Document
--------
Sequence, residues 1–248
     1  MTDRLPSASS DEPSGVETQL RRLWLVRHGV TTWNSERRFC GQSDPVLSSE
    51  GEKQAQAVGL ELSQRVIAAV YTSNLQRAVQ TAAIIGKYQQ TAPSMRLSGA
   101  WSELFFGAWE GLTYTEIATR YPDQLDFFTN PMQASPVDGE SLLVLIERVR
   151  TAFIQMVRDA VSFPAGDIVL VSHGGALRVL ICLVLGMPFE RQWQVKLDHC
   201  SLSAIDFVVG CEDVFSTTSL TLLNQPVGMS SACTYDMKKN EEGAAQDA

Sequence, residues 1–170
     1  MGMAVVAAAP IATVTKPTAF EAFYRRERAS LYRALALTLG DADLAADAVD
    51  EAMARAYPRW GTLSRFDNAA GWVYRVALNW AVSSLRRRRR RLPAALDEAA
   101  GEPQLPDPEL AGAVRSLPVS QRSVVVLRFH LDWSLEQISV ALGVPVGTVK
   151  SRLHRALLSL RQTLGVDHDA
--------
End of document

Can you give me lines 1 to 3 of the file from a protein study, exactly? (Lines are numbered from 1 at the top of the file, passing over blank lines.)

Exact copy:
Sequence, residues 1–248
     1  MTDRLPSASS DEPSGVETQL RRLWLVRHGV TTWNSERRFC GQSDPVLSSE
    51  GEKQAQAVGL ELSQRVIAAV YTSNLQRAVQ TAAIIGKYQQ TAPSMRLSGA